Enterocolitis is an inflammation of the digestive tract, involving enteritis of the small intestine and colitis of the colon. It may be caused by various infections, with bacteria, viruses, fungi, parasites, or other causes. Common clinical manifestations of enterocolitis are frequent diarrheal defecations, with or without nausea, vomiting, abdominal pain, fever, chills, alteration of general condition. General manifestations are given by the dissemination of the infectious agent or its toxins throughout the body, or – most frequently – by significant losses of water and minerals, the consequence of diarrhea and vomiting.
Among the causal agents of acute enterocolitis are:
- bacteria: Salmonella, Shigella, Escherichia coli, Campylobacter etc.;
- viruses: enteroviruses, rotaviruses, Norwalk virus, adenoviruses;
- fungi: candidiasis, especially in immunosuppressed patients or who have previously received prolonged antibiotic treatment;
- parasites: Giardia lamblia (with high frequency of infestation in the population, but not always with clinical manifestations), Balantidium coli, Blastocystis homnis, Cryptosporidium (diarrhea in people with immunosuppression), Entamoeba histolytica (produces the amebian dysentery, common in tropical areas).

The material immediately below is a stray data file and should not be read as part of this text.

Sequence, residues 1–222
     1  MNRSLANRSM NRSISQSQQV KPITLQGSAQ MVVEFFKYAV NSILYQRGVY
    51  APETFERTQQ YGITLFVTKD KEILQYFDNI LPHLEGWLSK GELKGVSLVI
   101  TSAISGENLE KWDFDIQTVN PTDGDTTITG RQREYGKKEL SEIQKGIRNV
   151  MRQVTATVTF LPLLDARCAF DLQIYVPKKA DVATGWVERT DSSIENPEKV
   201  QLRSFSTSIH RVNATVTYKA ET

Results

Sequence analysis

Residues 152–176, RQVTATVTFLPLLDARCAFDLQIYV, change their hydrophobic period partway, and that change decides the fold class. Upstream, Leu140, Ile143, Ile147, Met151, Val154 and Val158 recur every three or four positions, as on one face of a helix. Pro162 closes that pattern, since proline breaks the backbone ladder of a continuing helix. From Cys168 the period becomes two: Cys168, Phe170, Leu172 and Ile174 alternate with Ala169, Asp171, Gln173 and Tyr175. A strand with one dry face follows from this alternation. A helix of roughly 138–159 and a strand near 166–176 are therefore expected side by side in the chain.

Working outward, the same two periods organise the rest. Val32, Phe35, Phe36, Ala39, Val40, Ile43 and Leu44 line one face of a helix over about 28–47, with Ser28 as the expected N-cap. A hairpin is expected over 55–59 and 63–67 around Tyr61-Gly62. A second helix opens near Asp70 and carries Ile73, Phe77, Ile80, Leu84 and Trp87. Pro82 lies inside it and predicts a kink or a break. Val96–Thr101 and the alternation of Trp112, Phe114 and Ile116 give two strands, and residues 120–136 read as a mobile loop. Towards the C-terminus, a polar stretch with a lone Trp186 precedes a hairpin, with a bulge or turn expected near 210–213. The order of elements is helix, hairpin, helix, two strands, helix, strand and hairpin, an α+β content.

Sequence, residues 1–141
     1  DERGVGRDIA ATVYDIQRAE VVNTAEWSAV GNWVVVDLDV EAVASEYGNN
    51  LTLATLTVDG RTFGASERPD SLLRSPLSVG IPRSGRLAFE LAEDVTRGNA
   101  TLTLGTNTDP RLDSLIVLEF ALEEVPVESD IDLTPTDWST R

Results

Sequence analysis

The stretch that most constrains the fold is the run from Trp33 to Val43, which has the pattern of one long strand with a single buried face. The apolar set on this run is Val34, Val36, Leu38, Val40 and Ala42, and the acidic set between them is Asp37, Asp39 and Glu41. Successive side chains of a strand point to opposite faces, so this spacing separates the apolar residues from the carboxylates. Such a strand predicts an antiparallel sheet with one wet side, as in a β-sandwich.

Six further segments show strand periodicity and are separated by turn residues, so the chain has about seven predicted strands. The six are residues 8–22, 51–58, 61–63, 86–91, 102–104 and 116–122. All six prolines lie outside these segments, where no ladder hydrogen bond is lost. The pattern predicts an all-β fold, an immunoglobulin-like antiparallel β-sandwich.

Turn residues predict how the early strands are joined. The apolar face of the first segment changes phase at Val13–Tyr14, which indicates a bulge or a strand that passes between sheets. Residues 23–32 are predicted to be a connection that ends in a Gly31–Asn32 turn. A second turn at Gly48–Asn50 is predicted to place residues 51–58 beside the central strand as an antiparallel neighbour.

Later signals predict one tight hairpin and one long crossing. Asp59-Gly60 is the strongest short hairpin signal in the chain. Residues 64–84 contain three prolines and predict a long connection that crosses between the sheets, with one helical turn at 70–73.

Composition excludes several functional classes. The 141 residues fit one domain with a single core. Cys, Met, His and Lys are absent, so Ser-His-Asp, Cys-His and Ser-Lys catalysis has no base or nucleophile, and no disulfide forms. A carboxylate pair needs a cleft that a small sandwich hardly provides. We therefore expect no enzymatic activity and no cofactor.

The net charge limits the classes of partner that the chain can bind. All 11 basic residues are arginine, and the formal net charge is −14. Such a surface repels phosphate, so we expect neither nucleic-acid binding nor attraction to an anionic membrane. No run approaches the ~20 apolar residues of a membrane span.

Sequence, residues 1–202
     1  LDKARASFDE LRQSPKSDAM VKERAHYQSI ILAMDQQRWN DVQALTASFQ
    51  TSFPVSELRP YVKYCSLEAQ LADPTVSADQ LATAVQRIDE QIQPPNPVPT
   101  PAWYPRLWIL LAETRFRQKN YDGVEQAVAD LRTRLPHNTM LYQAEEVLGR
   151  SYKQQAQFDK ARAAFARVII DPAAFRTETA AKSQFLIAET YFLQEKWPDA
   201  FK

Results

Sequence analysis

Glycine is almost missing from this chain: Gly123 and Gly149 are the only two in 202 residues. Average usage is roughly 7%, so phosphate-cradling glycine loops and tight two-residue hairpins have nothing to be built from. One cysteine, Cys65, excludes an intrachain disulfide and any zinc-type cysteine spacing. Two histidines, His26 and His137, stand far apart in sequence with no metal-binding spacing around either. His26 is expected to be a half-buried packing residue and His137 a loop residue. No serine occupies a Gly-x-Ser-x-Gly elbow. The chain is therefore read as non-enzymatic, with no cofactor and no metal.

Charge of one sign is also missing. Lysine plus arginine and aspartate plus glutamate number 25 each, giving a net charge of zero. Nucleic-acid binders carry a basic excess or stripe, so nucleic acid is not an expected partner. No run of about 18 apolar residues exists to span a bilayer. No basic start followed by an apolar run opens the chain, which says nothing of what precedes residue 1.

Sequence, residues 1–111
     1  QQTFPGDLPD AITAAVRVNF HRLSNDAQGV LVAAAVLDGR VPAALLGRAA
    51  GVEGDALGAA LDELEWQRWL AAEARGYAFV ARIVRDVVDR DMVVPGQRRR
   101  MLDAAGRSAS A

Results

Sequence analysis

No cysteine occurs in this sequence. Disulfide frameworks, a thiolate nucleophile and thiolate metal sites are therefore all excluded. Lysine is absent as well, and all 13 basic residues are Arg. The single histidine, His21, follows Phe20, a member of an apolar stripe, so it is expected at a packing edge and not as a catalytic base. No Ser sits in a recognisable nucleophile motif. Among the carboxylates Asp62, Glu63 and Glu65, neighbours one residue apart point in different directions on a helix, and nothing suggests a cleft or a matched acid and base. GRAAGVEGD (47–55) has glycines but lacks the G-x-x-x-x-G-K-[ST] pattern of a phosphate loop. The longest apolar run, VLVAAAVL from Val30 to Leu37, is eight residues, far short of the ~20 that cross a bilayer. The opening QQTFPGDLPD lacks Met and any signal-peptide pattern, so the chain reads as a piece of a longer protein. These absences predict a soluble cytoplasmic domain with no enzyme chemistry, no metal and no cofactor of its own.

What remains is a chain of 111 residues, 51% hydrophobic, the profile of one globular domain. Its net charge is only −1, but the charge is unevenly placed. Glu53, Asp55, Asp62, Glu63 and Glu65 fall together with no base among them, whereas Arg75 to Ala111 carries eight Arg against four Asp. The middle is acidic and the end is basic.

Specific types of enterocolitis include:
- necrotizing enterocolitis (most common in premature infants)
- pseudomembranous enterocolitis (also called "Pseudomembranous colitis")
Treatment depends on aetiology e.g. Antibiotics such as metronidazole for bacteria infection, antiviral drug therapy for viral infection and anti-helminths for parasitic infections
- McFarland, Joseph (1904). A Text-book of Pathology: For Practitioners and Students. W.B. Saunders. p. 466. Retrieved 7 March 2018.